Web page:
Abstract: Much of contemporary installation art presents us with a specific political commitment. Indeed, of all the arts today, biennale-based art comments on pressing political issues most explicitly: on issues such as the deterioration of the environment (e.g. Mark Dion, Agnes Denes), racism (e.g. Adrian Piper, Kara Walker), or the refugee crisis (e.g. Ai Weiwei, Wolfgang Tillmans). However, when do political messages in art hit home, and when do such works merely rehearse public pieties? Or, to put the question more philosophically: can art contribute something unique to political discourse, or does it at best reflect what politicians, pundits and philosophers come up with independently? Here I argue that art can indeed contribute something indispensable to political discourse. My defence requires an update of some of the accepted tenets of aesthetic cognitivism (the view that art is a source of knowledge), but I hope to make these revisions plausible.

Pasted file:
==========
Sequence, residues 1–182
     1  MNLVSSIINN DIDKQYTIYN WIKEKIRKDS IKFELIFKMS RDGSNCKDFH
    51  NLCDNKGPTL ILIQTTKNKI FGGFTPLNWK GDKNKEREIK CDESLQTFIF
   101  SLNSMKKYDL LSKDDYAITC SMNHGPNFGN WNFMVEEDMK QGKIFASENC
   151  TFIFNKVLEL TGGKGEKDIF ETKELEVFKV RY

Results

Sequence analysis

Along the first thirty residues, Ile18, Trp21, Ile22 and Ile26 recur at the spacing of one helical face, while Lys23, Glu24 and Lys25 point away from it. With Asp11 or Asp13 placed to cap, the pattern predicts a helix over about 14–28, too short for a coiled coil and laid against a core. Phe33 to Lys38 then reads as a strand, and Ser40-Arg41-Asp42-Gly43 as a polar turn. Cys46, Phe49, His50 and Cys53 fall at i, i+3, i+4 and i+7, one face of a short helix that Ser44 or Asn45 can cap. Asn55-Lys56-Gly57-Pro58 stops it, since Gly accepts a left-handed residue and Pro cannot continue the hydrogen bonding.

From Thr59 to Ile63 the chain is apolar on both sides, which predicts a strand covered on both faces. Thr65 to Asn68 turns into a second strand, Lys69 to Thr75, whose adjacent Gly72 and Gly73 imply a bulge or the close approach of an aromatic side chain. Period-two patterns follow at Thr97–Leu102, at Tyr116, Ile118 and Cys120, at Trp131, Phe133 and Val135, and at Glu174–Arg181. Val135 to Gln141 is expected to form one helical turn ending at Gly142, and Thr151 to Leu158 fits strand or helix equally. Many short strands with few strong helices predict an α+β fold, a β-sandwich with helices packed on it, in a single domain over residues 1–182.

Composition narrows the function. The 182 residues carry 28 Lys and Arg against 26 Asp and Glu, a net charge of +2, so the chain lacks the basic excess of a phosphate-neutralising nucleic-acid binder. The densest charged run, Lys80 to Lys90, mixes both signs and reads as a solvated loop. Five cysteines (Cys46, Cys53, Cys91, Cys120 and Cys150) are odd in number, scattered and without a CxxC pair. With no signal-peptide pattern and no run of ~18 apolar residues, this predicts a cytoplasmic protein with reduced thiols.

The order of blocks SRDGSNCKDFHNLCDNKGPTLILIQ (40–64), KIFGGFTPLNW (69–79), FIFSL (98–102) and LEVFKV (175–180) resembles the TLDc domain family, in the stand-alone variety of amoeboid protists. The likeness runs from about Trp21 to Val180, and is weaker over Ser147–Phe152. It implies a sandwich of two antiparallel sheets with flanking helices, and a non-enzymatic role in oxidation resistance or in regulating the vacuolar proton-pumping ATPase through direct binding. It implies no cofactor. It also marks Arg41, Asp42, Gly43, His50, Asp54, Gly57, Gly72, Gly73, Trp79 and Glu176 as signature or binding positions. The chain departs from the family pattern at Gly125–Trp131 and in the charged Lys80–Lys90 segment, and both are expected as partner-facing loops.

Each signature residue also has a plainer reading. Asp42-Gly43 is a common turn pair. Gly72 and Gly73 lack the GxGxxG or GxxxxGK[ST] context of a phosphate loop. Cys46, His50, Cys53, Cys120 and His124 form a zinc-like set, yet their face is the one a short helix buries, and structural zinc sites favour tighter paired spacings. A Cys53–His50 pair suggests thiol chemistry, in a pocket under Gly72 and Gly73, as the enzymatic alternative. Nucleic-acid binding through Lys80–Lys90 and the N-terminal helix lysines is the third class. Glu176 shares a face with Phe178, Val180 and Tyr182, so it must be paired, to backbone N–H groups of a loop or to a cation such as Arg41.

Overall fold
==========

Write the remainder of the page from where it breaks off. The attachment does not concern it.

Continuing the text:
Vid Simoniti is a Lecturer in Philosophy at the University of Liverpool. His academic work sits at the cross-roads of aesthetics and history of art; recent publications include “Assessing Socially Engaged Art” in Journal of Aesthetics and Art Criticism; “Adrian Piper and the Rhetoric of Conceptual Art” in Adrian Piper: A Reader; and “Aesthetic Properties as Powers” in The European Journal of Philosophy. Before joining Liverpool in 2018, he was a Junior Research Fellow at the University of Cambridge between 2015 and 2018, and he obtained his doctorate from Oxford in 2015.

The Aesthetics Lecture Series is part of the Analytic Philosophy and Philosophy of Art Graduate Seminar organized by Prof. Massimiliano Carrara, Prof. Giuseppe Spolaore, Prof. Gabriele Tomasi, Dr. Elisa Caldarola, and Dr. Vittorio Morato for the academic year 2018-2019 at the FISPPA Department (Philosophy, Sociology, Pedagogy, and Applied Psychology) of the University of Padova, Italy.